I bought a used car from a private dealership, but the test card they provided me before the purchase may not be true. (e) a person whose normal activity is neither the rental nor the rental of motor vehicles and who has only entered possession of a vehicle as an incident, sells the motor vehicle; 24 No car dealership may refer, in a display or presentation, to a motor vehicle as a function car, an executive vehicle or a demonstrator or similar description, unless the motor vehicle was used by the manufacturer or dealer in its normal operations and purchased it as a new automobile. Hello Robin, thank you for contacting us with your question. As the blog post suggests, we have no authority over vehicle issues. I think the organization you want to talk to is the BC Vehicle Sales Authority (VSA). They regulate licensed merchants in the province. Here is a link to their contact information, so you can ask them your question: mvsabc.com/contact-us/. I hope it`s useful for you and good luck! 🙂 We often get questions from consumers about buying new and used vehicles and returning a new car. Although we have no authority in these areas, we are happy to offer them a recommendation if there is an organization better equipped to help you. Continue to read examples of some of these types of consumer questions and our answers. (d) anyone whose motor vehicle trade is linked to the purchase, the sale, trading or granting of security credits to conditional contracts, chateau mortgages, bill of lading, inventory inflows, changes, changes, repairs or other business documents, including the universality of chartered banks, trust companies, sales finance companies, consumer credit companies and credit unions; 23 A car dealership ensures that in any written representation in the form of a purchase or sale contract that respects its offer to sell or sell a vehicle that it reveals in good conscience: Hello Lloyd, thank you for the question! In BC, there is no law that grants consumers the right to simply return a vehicle or get a refund for certain repair costs. However, the organization that oversees the law for certain aspects of merchants is the Vehicle Sales Authority (VSA), so I suggest you contact them directly.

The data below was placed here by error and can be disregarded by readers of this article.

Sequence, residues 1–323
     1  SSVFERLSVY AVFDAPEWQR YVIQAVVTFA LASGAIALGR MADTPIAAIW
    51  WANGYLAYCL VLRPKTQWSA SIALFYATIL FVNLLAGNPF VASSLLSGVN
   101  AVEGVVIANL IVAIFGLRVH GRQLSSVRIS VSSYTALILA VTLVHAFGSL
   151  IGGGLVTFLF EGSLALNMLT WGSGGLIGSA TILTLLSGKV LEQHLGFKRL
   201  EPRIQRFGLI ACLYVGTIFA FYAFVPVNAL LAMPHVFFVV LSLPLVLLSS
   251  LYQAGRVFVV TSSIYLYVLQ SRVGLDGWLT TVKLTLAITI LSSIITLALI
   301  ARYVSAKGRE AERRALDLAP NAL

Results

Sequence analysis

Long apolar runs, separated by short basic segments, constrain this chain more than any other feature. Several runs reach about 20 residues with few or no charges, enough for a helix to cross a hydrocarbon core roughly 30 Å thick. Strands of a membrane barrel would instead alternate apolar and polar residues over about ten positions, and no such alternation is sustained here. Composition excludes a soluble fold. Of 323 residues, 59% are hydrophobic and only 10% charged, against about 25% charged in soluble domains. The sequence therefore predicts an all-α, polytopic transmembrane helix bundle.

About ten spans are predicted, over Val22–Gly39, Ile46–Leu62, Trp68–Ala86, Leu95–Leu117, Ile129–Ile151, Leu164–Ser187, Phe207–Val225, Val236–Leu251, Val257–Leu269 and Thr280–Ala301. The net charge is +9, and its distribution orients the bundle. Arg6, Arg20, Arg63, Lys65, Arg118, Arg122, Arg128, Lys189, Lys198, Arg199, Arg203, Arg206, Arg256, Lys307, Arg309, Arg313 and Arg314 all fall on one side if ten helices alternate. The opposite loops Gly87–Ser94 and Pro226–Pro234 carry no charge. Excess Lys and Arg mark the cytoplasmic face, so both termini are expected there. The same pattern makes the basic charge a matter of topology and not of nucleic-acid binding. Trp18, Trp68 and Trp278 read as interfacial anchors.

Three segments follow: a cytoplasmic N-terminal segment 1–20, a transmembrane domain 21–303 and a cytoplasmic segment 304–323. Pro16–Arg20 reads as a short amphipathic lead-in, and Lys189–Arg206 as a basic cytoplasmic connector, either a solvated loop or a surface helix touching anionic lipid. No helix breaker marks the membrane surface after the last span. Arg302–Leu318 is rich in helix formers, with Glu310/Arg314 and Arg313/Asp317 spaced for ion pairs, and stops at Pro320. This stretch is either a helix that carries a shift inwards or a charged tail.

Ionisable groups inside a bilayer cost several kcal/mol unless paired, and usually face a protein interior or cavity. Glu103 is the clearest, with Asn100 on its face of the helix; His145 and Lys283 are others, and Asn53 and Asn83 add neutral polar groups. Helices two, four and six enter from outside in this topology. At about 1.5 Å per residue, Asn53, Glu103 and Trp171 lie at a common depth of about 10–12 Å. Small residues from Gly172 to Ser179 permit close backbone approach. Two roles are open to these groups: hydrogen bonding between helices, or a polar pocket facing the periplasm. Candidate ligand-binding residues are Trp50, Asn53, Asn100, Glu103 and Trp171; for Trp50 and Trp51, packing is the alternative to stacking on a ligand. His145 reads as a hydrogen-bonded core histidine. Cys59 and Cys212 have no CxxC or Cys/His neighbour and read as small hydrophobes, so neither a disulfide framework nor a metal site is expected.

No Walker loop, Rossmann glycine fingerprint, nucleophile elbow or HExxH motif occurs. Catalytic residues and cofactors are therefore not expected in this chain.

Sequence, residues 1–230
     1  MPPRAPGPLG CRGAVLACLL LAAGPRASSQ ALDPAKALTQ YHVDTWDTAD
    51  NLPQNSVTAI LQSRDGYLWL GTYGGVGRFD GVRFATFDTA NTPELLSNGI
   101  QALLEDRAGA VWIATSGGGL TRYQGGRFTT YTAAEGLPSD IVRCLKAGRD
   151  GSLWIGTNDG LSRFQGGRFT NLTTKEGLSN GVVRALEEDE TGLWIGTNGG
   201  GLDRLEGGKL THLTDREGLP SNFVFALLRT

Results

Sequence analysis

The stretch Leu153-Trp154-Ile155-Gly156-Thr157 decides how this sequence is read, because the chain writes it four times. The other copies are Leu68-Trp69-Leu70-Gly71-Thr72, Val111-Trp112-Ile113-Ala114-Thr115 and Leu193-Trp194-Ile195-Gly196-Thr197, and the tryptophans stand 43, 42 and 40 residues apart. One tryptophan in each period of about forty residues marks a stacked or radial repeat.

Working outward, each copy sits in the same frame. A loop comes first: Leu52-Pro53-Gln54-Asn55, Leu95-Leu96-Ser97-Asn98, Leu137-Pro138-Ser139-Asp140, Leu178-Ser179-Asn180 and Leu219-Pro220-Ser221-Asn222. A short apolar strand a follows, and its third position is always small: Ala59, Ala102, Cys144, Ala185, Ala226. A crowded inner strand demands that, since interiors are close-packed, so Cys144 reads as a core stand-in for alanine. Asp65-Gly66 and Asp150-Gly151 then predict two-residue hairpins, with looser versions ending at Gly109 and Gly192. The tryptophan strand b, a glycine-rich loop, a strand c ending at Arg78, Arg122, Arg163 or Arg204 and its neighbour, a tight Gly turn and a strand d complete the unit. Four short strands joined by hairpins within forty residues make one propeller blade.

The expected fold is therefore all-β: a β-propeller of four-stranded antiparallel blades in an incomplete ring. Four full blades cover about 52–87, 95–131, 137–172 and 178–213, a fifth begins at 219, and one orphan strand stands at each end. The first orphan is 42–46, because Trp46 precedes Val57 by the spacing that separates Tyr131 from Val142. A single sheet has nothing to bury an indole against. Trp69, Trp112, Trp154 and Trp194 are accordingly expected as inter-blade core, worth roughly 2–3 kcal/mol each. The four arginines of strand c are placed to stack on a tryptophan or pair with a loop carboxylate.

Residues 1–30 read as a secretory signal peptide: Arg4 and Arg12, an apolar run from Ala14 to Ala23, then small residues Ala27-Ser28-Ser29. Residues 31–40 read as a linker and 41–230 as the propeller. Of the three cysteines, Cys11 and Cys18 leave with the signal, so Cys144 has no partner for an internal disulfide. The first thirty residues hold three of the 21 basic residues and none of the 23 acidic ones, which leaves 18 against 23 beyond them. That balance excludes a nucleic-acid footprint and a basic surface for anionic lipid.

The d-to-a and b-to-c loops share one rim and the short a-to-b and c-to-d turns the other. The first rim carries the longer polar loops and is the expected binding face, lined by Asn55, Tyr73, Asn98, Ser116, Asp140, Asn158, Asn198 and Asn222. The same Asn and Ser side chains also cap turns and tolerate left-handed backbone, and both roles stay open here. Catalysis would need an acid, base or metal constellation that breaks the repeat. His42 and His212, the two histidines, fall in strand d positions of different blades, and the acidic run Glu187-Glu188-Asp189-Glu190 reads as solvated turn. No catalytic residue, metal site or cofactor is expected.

If you have purchased a recreational vehicle, you can contact the Recreation Vehicle Dealers Association of Canada, a national, voluntary organization. Look for curbs. A sidewalk is someone who sells vehicles to earn income, but has not been licensed as a dealer. Many curbs do not present the actual condition of the vehicle, conceal significant problems or disclose pledges. The “Prevent problems” section explains these risks and how to minimize them. (e) a declaration that the vehicle complies with the requirements of the Motor Vehicle Act and a dealer must also provide you with in writing the following information regarding all charges related to the purchase of a used vehicle: according to BC law, a dealer must provide them with the following information about the vehicle in writing: There are many types of curbs. Some are mechanics who have repair equipment and also sell vehicles. Some curbs have parked several cars on their front lawn with “for sale” signs. Our answer: it can be difficult to determine the legitimacy of a private seller.